The question was all Moshe needed to launch into a new lecture.  “For Jews, during Shabbat, it is forbidden to carry things between the private and public domains,” he explained, “which is a problem, if you’re the mother of a newborn, or an old man who needs a cane to walk.  How, I ask, can you go to synagogue on the Sabbath if you cannot leave your house?  So we, in the Jewish Quarter, erect the eruv by connecting our homes together into one large private domain.  Carrying a baby between houses, then, becomes no different than carrying them between the different rooms of a house.”

Matt looked back at the rope.  “So you’ve set up this rope… to turn all of Jerusalem into one giant eruv?”

“Yes indeed!”  The Rabbi nodded in approval, pleased with his newest pupil.  “This eruv line, therefore, makes all Jerusalem into one community, one household—with a very strong threshold protecting it from evil magic.”

“And one heck of a mezuzah warding that household?” Matt guessed.

“Very good!  You, I see, learn quickly!”

Matt frowned as a thought occurred to him.  “What happens if the line is cut?”

The Rabbi spread his hands.  “Then the ward, too, is cut,” he answered.  “For this reason, my students patrol the wall constantly, making sure the eruv line remains unbroken.”

Matt’s frown deepened.  “Do you suspect there are saboteurs inside Jerusalem?”

“Eh, myself, I worry more about rats or birds breaking the line,” Moshe answered, “but spies, too, are something to guard against, I suppose.”  He turned to Matt with a crafty expression and a sly smile.  “Ah, but to break the eruv line, our enemy would first need to know about it—and, unless they have some Jewish soldiers in their horde, I doubt they do!  This, I think, is why the barbarian sorcerers have such a hard time breaking our Jewish wards.  They assume, I think, that they have only to disenchant a verbal spell.  They are, most likely, unaware of the texts that maintain the wards.  To break them completely, they’d have to find and destroy the written prayers in the mezuzahs—and, to the best of my knowledge, they don’t even know about them.  Even if they did, how would they get inside the city to reach them?”  He smiled and shook his head.  “No, this gur-khan, if he wishes to take Jerusalem, will have to do it the old-fashioned way—by force.”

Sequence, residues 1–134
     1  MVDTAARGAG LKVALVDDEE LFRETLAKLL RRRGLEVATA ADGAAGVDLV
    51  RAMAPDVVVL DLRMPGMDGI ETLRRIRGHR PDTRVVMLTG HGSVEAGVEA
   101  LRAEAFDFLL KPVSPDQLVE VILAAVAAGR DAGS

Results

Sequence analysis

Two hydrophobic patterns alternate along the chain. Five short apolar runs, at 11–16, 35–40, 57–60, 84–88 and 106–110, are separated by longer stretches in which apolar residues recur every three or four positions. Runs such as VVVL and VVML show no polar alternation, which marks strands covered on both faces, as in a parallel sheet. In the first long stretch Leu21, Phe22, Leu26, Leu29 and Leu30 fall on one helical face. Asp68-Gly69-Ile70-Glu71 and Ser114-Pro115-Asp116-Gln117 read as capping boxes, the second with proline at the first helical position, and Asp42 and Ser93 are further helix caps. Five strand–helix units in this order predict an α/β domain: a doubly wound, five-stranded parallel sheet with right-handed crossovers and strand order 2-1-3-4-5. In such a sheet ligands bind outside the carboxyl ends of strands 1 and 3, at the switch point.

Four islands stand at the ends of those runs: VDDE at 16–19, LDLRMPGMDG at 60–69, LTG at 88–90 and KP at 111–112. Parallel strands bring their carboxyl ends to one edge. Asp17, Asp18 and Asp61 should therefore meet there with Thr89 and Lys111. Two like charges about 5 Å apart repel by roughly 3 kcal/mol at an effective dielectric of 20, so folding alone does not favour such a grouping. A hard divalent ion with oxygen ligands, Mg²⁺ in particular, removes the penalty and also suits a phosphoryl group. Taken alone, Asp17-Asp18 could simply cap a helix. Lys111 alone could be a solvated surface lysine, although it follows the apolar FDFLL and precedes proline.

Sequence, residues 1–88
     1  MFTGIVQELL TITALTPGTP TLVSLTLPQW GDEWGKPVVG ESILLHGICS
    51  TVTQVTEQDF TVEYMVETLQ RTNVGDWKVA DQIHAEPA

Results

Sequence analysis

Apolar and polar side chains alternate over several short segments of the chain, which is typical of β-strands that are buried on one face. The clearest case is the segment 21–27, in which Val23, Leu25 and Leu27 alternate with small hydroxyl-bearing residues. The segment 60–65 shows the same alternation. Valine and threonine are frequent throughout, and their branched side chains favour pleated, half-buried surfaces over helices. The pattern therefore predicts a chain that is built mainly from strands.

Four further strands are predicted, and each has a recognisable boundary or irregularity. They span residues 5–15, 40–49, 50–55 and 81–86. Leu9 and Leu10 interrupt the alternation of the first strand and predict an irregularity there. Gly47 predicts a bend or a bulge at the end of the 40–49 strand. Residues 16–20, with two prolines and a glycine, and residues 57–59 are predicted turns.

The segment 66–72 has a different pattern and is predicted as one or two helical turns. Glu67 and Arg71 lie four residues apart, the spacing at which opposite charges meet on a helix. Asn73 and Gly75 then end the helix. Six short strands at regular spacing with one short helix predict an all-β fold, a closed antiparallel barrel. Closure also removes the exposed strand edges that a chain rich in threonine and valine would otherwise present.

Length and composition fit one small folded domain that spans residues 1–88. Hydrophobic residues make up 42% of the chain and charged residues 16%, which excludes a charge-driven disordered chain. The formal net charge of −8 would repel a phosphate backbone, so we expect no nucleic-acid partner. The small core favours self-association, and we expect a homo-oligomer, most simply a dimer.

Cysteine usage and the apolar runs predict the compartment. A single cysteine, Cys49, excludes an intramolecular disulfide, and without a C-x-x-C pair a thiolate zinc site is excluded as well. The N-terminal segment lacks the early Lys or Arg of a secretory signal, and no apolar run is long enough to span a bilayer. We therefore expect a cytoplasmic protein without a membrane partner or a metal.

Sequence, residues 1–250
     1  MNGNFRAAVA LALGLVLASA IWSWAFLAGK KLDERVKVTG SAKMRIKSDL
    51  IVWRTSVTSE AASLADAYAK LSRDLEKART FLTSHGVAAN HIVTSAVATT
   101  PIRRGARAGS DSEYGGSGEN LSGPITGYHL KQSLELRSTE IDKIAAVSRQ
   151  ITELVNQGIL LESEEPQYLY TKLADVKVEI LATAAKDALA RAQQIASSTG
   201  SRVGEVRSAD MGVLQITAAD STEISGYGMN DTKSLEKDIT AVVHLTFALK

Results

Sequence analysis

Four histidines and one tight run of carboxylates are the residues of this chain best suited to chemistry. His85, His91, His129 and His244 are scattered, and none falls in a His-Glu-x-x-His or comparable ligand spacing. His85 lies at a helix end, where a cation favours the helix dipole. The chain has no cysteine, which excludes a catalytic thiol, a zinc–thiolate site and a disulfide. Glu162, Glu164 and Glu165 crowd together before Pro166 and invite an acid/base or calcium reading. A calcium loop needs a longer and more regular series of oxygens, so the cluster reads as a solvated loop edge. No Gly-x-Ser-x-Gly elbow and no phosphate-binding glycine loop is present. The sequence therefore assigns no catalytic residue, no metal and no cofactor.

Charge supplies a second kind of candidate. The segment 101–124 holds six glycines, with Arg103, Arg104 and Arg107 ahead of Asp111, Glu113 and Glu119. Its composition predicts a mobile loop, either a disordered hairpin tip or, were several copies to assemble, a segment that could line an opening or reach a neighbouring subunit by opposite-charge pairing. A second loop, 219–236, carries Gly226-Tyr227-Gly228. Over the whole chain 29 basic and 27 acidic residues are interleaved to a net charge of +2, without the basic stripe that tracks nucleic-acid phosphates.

Matt couldn’t help being impressed.  The Rabbi had taken simple, everyday wards designed to protect homes, and scaled them up into a complex, multi-layered ward shielding an entire city.  He was beginning to understand why Tafas was so grateful.  Matt and Moshe continued to discuss the intricacies of magic and theology as the Rabbi led Matt out of the Muslim Quarter of Old Jerusalem.  Balkis hung on their every word, occasionally mewing a question in Matt’s ear to ask the Rabbi.  As they entered the Jewish Quarter, despite it being every bit as battle-damaged as the rest of the city, Matt couldn’t help but notice and admire the subtle shift in architecture.  Some of the buildings were hundreds of years old, possibly even a thousand, and seemed to teem with history and culture.